The possibilities are endless. Choose an Auto for a specific occasion. Use three Autos within one corporate identity, so that different kinds of publications can be given their own flavor. Use the three Italics to for multi-lingual texts or to differentiate between speakers in a play... In short: use your imagination!
Those early specimens, designed by Dutch designers Wout de Vringer (Dolly) and Piet Schreuders (Sauna) were beautifully produced. The Sauna specimen especially was quite spectacular. Titled Read Naked, it was printed on heat- and moisture-resistant material, and some texts were printed with special ink that only became visible at sauna temperatures. Early presentations of Sauna verged on performance art, involving lots of hot water and steam. Did you do it just to have fun, or was there some a conscious strategy behind it?
We can get very enthusiastic, sometimes overenthusiastic, and when this happens we tend to lose sight of the big picture. This prevents us from precisely planning what we are doing. We just jump into a project, and then see where the rocket ends up; like untrained astronauts pressing the “start” button. We like to think big, without knowing where that will take us.
At the moment we are working on a publication on “voluntary suffering.” Not sure where this will take us, but the subject is engrossing. Then the rest of the process of making this book just has to grow naturally.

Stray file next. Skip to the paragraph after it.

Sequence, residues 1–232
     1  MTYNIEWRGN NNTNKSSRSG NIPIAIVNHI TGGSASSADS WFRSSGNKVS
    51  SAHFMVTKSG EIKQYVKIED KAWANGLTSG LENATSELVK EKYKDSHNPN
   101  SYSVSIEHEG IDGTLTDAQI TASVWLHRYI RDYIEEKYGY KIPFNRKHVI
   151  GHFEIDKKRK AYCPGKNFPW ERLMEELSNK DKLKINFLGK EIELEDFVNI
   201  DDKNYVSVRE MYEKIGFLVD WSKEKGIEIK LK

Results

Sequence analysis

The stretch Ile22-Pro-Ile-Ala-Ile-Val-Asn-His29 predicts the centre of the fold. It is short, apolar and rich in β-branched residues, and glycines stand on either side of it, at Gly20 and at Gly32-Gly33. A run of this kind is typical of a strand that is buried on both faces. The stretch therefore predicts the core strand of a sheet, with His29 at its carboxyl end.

A conscious strategy behind our publications? Here’s one of our goals: to give kudos to our mothers while they’re still alive. At least, for that reason we had three cover girls in the Is Not take-away #1 publication.
A question about type and technology. You are all very computer-savvy, you program websites and have designed fonts that play with the pixel grid. Yet you always emphasize the importance of sketching and drawing by hand. Would you say it’s crucial to start each project by turning your back to the computer screen?
More important than which direction to look, or which tools to use, is the processor: our brain. Sitting at a computer screen is not always the most inspirational environment, most ideas are born somewhere else. But yes, you are right. We find sketching by hand very liberating. It can be very rough, in the train on an old newspaper, or more accurate behind your desk in a sketchbook.